The word carol is thought to originate from the French word "carole" meaning "a song to accompany dancing" which were popular in the middle ages. The earliest carol, as a religious song for a particular season, dates back to the 13th century and the form developed over the following two hundred years. One of the earliest to survive in English is "The Boar's Head Carol", which describes the ancient tradition of sacrificing a boar and presenting its head at a feast, and which will be performed at the St Edmund's Carol Service on December 19th. Carols suffered a decline in popularity after the Reformation but survived in rural communities until the revival of interest in carols in the 19th century with such composers as Felix Mendelssohn ("Hark the Herald Angels Sing") and Arthur Sullivan ("It Came Upon a Midnight Clear").
For me, as I suspect for many people around the world, Christmas really begins with the service of Nine Lessons and Carols from the Chapel of King's College, Cambridge (above). This service dates from Christmas Eve 1918, although the format had been used in Truro Cathedral for the previous forty years. The service has been broadcast annually for over seventy years, even during the Second World War when the glass had been removed from the Chapel and the name of King's could not be broadcast for security reasons.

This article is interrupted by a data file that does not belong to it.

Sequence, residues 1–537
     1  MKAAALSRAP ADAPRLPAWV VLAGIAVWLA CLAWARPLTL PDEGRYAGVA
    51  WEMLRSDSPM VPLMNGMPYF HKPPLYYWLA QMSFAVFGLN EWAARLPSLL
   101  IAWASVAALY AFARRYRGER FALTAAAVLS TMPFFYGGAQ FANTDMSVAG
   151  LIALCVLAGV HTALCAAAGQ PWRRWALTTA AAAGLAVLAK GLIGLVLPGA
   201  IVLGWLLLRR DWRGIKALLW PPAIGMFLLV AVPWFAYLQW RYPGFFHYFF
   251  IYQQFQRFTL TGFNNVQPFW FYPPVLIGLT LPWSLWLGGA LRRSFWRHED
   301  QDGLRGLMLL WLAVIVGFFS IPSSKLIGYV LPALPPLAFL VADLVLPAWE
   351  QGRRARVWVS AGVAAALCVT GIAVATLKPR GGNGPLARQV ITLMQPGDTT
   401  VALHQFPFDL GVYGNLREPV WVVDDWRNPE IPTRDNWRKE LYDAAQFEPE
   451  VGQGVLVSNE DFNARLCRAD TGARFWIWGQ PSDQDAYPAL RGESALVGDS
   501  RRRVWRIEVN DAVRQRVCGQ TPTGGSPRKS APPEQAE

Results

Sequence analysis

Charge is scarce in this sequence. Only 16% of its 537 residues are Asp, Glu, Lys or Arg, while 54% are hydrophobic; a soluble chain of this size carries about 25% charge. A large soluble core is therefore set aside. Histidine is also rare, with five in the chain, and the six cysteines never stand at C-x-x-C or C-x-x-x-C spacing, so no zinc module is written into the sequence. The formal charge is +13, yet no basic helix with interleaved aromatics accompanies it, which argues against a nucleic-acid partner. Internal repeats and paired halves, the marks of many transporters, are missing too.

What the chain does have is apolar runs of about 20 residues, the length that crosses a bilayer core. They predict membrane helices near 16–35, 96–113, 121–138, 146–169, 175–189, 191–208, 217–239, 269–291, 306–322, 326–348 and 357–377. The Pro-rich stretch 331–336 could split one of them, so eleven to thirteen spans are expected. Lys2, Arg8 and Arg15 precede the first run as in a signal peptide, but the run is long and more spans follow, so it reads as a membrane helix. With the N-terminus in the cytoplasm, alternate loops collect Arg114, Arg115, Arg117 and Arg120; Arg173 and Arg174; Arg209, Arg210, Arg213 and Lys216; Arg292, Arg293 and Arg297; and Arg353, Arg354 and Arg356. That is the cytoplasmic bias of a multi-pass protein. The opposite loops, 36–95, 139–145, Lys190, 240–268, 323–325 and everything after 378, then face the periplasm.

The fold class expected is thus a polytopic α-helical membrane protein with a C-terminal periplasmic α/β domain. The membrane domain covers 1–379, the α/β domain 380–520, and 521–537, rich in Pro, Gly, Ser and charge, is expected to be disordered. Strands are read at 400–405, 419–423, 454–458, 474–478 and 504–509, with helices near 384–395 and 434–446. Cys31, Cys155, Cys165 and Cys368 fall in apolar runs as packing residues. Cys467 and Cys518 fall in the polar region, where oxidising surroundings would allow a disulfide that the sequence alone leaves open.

Earlier this year, the organ world was shocked to learn of the death of David Sanger. He was one of the world's most accomplished concert performers and a renowned teacher. I studied with David at Cambridge and he prepared me for my successful Fellowship examination at the Royal College of Organists. In March I shall be participating in a service celebrating his life which is being held at Great St Mary's in Cambridge. As a tribute, I shall be performing his "Christmas Rhapsody"- which contains references to no less than twenty carols - before Midnight Mass at St Edmund's.
AUDIO AND VIDEO CLIPS FROM MY 2009 MAGAZINE ARTICLE